Sunday, July 2, 2017

The Destruction of Kittanning: Part One

KIttanning War Memorial
Standing in front of the War Memorial near the Armstrong County Courthouse, I could see down Market Street to the Benjamin Franklin Bridge, the spot where Route 422 crosses the Allegheny River. Kittanning, a corrupted version of the Indian word, roughly translates as "At the Great River" and later that day, as I stood on the Benjamin Franklin Bridge, I understood why the Indians called the place Kittanning - even in the modern world, the river here maintains a great beauty that is hard to describe.

"Did you read this?" Zech asked, drawing my attention back to the Armstrong County War Memorial. I scanned through the names on the wall, and while all sacrifices were and are important, my attention focused on those who died during the French and Indian Wars. Though I had visited a number of war memorials that day, this one was unique in its own way.

I read the words on the monument, "This monument recognizes the unique circumstances that placed American Indians, particularly the Delaware and Senaca (sic), against the colonial government that became the United States. With the exception of Captain Jacobs, the names of those Delawares who fell at the Battle of Kittanning and the 29 who died during the Border War are lost to history."

As I stood taking in my surroundings, my mind drifted back to the events leading up to the battle fought here on September 8, 1756.

Kittanning was one of the most important Indian towns in Western Pennsylvania and was the home of Delaware Chief Captain Jacobs. It is believed that the village had between three and four hundred residents at the time of Colonel Armstrong's attack. The majority of those taken captive by the raiding Indians in Eastern and Central Pennsylvania were brought here - children would be distributed among Indian families and adults either taken prisoner or tortured and killed.

The plan to rescue the captives held there began almost immediately after the fall of Fort Granville. Colonel John Armstrong was seeking revenge for the murder of his brother during the siege of Fort Granville. More information about the siege can be found here: Fort Granville.

With the help of John Baker, who escaped from Kittanning, Colonel Armstrong devised a plan to attack the Indian settlement. Baker claimed that over one hundred prisoners were being held captive at Kittanning at the time of his escape. Outgoing Governor Morris agreed to the plans put together by Armstrong and Baker and the planned attack would continue under Governor Denny.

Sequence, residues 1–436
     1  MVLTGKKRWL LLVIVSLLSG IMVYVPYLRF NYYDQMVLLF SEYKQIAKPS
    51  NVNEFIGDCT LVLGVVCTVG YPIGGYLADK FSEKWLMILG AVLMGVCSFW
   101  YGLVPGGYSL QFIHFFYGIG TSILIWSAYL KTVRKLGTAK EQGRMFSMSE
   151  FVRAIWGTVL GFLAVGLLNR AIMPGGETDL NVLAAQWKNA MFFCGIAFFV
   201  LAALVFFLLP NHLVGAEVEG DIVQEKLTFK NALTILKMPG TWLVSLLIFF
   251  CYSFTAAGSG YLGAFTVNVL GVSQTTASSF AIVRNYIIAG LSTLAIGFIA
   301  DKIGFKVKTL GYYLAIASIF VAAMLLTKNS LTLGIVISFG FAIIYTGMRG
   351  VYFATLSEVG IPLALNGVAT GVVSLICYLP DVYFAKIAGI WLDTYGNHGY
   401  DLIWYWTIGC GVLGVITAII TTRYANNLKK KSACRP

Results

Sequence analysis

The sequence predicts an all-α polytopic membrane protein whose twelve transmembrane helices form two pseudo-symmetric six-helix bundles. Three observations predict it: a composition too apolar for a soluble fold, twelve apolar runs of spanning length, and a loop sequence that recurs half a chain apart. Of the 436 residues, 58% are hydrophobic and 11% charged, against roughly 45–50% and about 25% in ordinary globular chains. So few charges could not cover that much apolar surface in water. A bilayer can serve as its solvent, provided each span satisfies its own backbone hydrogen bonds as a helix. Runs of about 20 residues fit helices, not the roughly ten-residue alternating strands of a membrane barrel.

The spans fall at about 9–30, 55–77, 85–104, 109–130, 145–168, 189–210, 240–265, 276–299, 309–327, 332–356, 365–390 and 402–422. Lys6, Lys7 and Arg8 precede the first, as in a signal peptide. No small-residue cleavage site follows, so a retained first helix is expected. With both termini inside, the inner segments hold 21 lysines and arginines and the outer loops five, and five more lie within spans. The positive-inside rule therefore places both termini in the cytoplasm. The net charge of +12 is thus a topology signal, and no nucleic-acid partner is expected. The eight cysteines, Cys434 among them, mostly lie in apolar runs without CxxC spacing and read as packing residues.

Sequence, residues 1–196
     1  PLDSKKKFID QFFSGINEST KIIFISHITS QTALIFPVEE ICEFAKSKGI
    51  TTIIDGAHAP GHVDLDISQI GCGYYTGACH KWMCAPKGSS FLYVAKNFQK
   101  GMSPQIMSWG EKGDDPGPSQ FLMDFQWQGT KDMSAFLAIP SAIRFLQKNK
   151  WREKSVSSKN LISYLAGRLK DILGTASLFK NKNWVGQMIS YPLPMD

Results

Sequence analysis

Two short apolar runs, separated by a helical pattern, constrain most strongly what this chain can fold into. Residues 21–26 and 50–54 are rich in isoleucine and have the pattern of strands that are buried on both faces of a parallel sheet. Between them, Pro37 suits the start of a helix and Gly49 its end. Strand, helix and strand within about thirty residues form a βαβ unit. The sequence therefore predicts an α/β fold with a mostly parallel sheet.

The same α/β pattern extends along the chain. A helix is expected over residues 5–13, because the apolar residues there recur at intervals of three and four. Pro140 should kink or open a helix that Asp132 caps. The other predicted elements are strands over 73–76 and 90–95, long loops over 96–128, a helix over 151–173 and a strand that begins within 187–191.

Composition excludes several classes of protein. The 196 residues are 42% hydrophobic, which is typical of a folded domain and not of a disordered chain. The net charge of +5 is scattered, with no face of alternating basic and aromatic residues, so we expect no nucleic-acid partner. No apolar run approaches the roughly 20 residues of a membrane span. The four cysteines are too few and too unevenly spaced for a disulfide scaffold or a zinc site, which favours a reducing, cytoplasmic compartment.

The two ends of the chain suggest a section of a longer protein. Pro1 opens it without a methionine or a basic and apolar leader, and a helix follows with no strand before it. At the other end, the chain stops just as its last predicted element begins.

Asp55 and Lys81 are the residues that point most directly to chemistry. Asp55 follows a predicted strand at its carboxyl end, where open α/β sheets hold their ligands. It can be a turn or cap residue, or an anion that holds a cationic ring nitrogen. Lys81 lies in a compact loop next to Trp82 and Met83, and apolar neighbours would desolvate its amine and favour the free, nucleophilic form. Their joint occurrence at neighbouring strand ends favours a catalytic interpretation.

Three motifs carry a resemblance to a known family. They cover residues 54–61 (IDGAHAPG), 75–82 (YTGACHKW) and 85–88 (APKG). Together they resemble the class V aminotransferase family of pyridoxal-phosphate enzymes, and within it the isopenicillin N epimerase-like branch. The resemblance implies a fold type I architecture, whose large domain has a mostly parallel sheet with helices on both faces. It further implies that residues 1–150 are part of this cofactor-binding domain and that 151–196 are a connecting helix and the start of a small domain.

Colonel Armstrong gathered men at Fort Shirley throughout the end of July and beginning of August 1755. On August 30, the force left the fort and started a westward march. On September 3, the group led by Colonel Armstrong joined with an advance force to make Colonel Armstrong’s party 307 men strong.

They began the one hundred and twenty-six mile journey towards Kittanning. Surprisingly, they made the complete journey without being discovered, although six miles from Kittanning the attack force was almost discovered. Approximately ten in the evening on September 7, 1756, scouts came back with the report of three or four Indians sleeping along the trail. Armstrong left Lieutenant James Hogg with twelve men to attack the party at dawn.

The rest of the party arrived at the Indian villages early in the morning after finishing the last thirty miles of the march. As the men approached Kittanning through a cornfield, a loud whistle stopped the men in their tracks. Fearful that they had been discovered, John Baker informed them that it was an Indian calling to his mate. Fires began to appear around them in the cornfield and Baker informed Colonel Armstrong that they would soon be out. The purpose of the fires was to drive the gnats away.

Pennsylvania Historical Marker for Kittanning
Along Business Route 422 in town
It was daybreak before Colonel Armstrong was ready to attack. Most of his men were asleep or fighting to stay awake due to the previous day’s march. In the past four days the men had marched close to one hundred and fifty miles to attack the Indian villages at Kittanning. By the time the sun began peaking over the eastern mountains the full line of soldiers had yet to arrive.